2014 Index of Economic Freedom


A benefit of watching the ebb and flow of economic freedom over a long career in journalism is that you earn some standing to draw conclusions. One lesson I’ve learned is that prosperity is not a national birthright. It must be earned by each new generation in every country on Earth, even those that have long been prosperous. Another lesson is that the right policy choices are not self-replicating but must be relearned and fought for again and again. There are no permanent victories in the war of ideas, but the saving grace is that there are also no permanent defeats.

Those lessons shine brightly through the 2014 Index of Economic Freedom, perhaps even more now than in any previous year since The Wall Street Journal embarked with The Heritage Foundation on this scorecard of economic liberty. Some of the biggest gainers this year, as in recent years, were thought to be hopeless cases a generation ago.

One such group is the former nations of the Soviet Union, which had only recently broken apart in 1995, the Index’s first year. The Baltic States have tried to follow the Hong Kong and Singapore example of small nations opening themselves to capital and competition, and they have largely prospered because of it. Estonia now ranks 11th in the Index, one spot ahead of the United States. Lithuania is 21st and Latvia is 42nd, despite having endured brutal recessions in the past decade. They reformed their economies, shrank the size of their governments, and let the talents of their people emerge. The French and Italians could learn from their examples.

Chile, which was once close to following the lawless statism of Argentina, now ranks 7th. It is on the cusp of being considered a developed country, which is a just reward for good policy but carries the risk that its people may forget what made them prosperous. In its recent presidential election, Chile’s electorate rejected its center-right ruling party and tilted to the populist left. Next year’s policy trend in Santiago will be worth watching.

The electorate in Malaysia, meanwhile, rewarded its ruling party with another term after it made a priority of easing some political and economic controls and inviting foreign investment. The reforms arguably helped the UMNO coalition beat back a strong challenge from a rising middle class that also wants more freedom to express itself politically. Malaysia ranks 37th in the Index compared to 87th in 2004, and it too is reaching toward developed-country status.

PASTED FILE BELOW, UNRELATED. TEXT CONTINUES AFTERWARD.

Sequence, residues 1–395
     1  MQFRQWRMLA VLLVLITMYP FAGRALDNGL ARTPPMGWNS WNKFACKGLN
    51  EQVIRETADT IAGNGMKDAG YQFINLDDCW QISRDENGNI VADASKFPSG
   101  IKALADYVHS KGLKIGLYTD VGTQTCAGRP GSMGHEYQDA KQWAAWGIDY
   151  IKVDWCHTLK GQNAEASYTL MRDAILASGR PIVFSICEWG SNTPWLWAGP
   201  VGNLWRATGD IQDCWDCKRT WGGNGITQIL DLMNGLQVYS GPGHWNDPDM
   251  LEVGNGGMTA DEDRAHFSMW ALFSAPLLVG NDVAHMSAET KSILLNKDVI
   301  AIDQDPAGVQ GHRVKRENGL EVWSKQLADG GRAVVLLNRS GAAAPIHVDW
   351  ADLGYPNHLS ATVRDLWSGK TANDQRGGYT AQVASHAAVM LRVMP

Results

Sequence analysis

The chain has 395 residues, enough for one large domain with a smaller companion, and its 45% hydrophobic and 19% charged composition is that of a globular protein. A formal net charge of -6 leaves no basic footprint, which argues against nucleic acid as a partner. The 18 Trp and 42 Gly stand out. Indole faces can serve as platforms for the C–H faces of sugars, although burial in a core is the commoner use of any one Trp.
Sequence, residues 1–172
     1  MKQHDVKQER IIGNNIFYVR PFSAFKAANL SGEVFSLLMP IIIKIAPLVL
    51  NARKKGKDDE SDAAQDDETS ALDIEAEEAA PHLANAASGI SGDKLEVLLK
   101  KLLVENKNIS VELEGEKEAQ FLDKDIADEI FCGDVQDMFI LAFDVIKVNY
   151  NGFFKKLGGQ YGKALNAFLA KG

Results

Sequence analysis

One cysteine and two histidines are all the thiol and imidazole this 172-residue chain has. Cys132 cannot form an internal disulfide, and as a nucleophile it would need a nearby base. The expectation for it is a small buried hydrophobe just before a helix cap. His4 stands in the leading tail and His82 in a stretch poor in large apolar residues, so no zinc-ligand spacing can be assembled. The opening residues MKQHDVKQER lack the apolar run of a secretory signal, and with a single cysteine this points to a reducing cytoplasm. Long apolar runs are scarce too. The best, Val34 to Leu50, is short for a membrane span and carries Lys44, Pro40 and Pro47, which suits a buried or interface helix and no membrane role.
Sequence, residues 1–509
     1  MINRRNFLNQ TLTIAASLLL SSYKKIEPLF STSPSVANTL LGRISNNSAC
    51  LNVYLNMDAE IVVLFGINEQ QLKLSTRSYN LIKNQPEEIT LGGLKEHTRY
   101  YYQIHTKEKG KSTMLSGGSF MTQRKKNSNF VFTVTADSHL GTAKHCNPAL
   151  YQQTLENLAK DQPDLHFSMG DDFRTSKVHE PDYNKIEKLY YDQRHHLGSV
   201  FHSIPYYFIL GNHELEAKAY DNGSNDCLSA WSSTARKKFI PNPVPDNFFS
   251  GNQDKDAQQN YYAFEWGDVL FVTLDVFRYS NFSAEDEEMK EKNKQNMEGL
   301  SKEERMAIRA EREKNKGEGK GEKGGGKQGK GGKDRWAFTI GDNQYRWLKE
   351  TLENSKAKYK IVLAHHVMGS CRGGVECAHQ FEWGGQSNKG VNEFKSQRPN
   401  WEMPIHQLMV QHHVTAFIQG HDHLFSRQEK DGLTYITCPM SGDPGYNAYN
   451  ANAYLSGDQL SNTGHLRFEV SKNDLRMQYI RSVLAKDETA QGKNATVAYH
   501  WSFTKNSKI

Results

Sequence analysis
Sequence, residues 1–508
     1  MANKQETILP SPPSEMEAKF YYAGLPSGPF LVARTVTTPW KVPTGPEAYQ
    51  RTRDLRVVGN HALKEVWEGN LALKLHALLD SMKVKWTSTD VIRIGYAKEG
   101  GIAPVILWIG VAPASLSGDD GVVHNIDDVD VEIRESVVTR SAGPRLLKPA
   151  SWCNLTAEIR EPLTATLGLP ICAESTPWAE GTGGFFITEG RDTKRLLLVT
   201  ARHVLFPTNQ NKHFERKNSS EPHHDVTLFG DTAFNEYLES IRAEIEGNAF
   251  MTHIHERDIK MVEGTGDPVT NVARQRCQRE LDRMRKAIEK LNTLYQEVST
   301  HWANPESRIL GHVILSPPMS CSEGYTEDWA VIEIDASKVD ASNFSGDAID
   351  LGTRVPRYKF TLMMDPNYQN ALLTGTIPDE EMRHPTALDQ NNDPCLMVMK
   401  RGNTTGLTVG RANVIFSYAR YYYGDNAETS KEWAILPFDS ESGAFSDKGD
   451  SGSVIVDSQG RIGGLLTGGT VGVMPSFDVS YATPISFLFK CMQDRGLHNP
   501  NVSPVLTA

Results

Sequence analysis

On the other hand, countries can quickly descend in the ranks, even nations with a proud history of free markets. The U.S. is the most dispiriting example, given its history and its continued importance to global growth. America’s freedom score has declined for seven years in a row and now ranks 12th, just ahead of Bahrain and four spots behind Mauritius.

The U.S. is the classic case of having forgotten the hard-earned lessons of the recent past. America pulled itself out of the despond of the 1970s with policies of lower taxes, less regulation, steady monetary policy, and spending restraint. A two-decade boom followed with little interruption. Then a kind of collective amnesia set in during the 2000s that led to major policy errors and a credit mania, followed by a panic and crash that created a new political opening for those who wanted to expand state control of finance, health care, and energy markets. The last two years of the Bush presidency and first two Obama years marked the largest expansion of state power in the U.S. since the 1930s.

A political reaction in 2010 slowed government’s rise, but the economic damage has been extensive and continues to be felt in subpar growth, mediocre business investment, and fewer job prospects for the poor and less skilled. This dismal record, combined with the failed launch of Obamacare, may create a new opening for the forces of freedom. That will also require a new political champion who can make the arguments for liberty that a younger generation has never learned and hasn’t heard from a Republican presidential nominee since Reagan.

Though it pains this American a little to write it, another lesson of 20 years of this Index is that the spread of good economic ideas doesn’t depend as much as it once did on America. The diffusion of ideas and experience through modern communication and the Internet means that there are followers of Hayek in Shanghai and admirers of Milton Friedman in Mexico. Perhaps other nations will now take the global lead in showing the way toward rising incomes for all, especially the poor, as America tries to find its way back to the principles of liberty that made it great.

Paul A. Gigot
Editorial Page Editor
The Wall Street Journal
November 2013

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